4) What would be your dream gig, or if you could work on any creative project without any limitations – what would this look like? / who would you most like to work with etc?

My plan is to keep making documentaries for now but the bigger dream is to write a book that I can then make into a feature film. I have some crazy stories to tell from my life, which I think could make a great read and an even better feature film. I want to call the book Memoirs Of A Black Lamb. The film will tell my story of hardship, drugs, sex and ultimately one individual’s success. The book will also talk about the rise of Black Lamb the brand!

5) What do you love most about your work? / What have been the biggest challenges for you in your career, if any?

What I love most about my work is the fact that I’m not actually working at all. This job I do is my passion, I love telling stories… I love interviewing crew and then making what I call art! I suppose the hardest thing about following a creative path is the fact that no one else is going to make your career except yourself, so you have to spend years doing work for free until you have enough of a portfolio to start charging clients. It’s the same with making a documentary – at least for your first one. I just can’t go up to an investor and say I want to make a doco, give me money. They’re just going to say what have you done before? So, the hardest part was getting people to believe in your dreams and get them on some sort of deferral payment so you can fund your own project. I’m sure now that I’ve done my first one the rest will be a lot easier.

6) Like most creative people – you have several projects on the go at the same time. Out of all of these projects, do you have any major loves amongst them, or are you equally excited and passionate about all of them?

I’m equally exited about all of the creative things I do, but one project which is close to the heart is another documentary I have in the vault called Muse …

Muse is a documentary about Peter Churcher – a realist painter who was appointed the Official War Artist to paint the War against Terrorism. He was situated in Melbourne before being given a grant by the Australian Government to paint in Barcelona, Spain. He now resides in Spain and has been there for the past 2 years.

During his time in Melbourne however, I worked with him and became both his muse and the subject matter of many of his paintings during that period. We worked together in this capacity for close to a decade.

We will see in-depth discussions on Peter’s development of a painting; giving the viewer a detailed educational look at an artist’s point of view. It will put the viewer right in the middle of the exhibitions, giving a detailed description of the paintings by Peter. It will touch on Peters being appointed the Official War Artist in the war against terror. It will show the beauty of Barcelona and the beauty of his work. It will appeal to a wide audience from art lovers to the normal Jo Blow who wants to know more about how painters paint and the relationship that they have with artist models. This film gives an interesting insight into the art world through the muse’s eyes.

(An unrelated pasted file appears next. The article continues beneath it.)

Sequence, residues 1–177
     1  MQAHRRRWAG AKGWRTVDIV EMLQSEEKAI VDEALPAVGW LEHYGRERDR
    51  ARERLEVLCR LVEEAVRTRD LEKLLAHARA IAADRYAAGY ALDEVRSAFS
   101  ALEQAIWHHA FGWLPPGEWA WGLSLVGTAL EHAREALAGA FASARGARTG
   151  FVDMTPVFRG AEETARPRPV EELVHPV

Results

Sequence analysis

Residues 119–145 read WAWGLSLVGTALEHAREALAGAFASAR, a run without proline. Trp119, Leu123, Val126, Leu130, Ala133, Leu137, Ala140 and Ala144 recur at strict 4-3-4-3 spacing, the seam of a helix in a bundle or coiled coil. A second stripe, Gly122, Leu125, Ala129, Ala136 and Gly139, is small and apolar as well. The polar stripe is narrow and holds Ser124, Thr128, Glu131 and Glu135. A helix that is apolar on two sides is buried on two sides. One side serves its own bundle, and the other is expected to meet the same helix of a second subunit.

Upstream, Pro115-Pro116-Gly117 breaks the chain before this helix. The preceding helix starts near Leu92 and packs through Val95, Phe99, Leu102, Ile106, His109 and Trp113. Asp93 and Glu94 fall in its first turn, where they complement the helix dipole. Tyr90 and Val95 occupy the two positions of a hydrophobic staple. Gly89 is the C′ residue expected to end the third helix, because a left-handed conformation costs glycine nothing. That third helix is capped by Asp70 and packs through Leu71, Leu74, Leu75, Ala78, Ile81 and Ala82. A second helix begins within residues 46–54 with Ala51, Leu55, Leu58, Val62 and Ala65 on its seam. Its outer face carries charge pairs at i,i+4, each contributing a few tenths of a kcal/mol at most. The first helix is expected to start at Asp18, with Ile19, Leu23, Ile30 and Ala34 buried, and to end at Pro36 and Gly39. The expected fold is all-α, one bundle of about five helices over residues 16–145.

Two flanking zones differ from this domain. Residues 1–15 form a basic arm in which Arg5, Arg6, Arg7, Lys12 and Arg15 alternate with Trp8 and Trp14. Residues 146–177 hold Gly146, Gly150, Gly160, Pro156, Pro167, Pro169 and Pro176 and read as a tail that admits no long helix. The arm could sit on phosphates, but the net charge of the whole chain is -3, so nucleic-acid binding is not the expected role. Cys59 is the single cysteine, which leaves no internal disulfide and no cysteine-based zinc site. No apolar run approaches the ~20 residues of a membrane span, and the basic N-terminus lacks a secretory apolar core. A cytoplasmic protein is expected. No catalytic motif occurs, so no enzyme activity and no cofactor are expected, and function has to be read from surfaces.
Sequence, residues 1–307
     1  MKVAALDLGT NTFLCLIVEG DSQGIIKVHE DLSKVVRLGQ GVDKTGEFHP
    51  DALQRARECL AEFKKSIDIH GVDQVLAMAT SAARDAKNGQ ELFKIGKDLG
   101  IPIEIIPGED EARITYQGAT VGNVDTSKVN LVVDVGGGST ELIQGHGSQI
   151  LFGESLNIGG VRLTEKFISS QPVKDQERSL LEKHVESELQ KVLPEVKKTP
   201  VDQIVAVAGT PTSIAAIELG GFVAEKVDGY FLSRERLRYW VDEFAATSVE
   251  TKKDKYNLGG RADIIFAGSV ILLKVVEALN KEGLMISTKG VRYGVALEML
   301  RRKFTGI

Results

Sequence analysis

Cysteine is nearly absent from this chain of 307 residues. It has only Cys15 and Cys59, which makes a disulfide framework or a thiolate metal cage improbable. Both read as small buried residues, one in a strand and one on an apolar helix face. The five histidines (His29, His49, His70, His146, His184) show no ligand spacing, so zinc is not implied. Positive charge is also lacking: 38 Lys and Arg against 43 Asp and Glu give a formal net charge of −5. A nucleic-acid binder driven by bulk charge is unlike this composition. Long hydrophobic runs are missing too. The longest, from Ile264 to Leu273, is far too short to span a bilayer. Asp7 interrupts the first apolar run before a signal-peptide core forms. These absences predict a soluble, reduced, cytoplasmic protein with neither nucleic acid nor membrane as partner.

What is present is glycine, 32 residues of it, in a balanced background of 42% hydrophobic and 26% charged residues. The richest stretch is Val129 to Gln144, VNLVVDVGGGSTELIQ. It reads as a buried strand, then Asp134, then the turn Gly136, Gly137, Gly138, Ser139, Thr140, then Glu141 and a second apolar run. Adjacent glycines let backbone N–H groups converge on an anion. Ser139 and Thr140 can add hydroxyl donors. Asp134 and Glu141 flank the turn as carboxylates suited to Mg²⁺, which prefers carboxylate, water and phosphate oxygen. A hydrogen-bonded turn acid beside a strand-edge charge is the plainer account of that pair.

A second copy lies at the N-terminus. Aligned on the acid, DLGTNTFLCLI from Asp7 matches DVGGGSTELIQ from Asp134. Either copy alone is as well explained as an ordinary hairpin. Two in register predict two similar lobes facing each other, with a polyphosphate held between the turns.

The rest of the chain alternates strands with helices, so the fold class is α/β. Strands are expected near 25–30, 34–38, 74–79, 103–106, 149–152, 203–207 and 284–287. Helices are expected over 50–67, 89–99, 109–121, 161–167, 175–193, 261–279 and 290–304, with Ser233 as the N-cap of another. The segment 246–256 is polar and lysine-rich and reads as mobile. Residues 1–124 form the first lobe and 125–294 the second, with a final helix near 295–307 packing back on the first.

7) What do you do for fun in your down time when you’re not working?

I’m into all sorts of extreme sports… I like kite surfing, skate, surfing, and motorbike riding. Basically anything that goes hard and fast. I just recently made a pact to myself to get fit and healthy so I’m training in the gym most days after a two-year break… I look at some people my age and they’re fat and un-healthy. I could see myself heading that way so I now have the gym as my passion project outside of work.

8) What is your favorite film and or documentary?

I like all the old films like Scarface, Easy Rider, Blade Runner, Raging Bull, Taxi Driver, Prometheus just to name a few… Doco’s by Michael More are always a win. Oliver Stone films rock too.

9) What does success look like for you?

Success is measured in so many ways! Is it the money? Is it the achievements in your field of work? I would have to personally say it’s a combination of all of the above. My film has now been shown in every country around the world and is currently on Qantas. So, for me that’s success… I’ve made something out of nothing with my own bare hands! No one can take that away from me.

10) What’s next for you? Any other interesting projects on the horizon/collaborations or future goals you are yet to achieve?

It’s all about moving forward in your career, so feature films, books and my major love – Black Lamb the brand, which will be coming 2014. I’ve got another doco, which is in the can so to speak. Well it’s at least shot and it’s about Black empowerment in South Africa. Stay tuned.

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For anyone wishing to see the film later this month – there will be a special screening in Melbourne on November 28 at OneSixOne @ 161 High Street, Prahran at 6pm Sharp. Tickets are available for pre purchase from Oztix below or contact: info@onesixone.com.au

http://tickets.oztix.com.au/?Event=38746&utm_medium=Website&utm_source=OzTix&utm_content=GigGuide&utm_term=SERENDIPITY__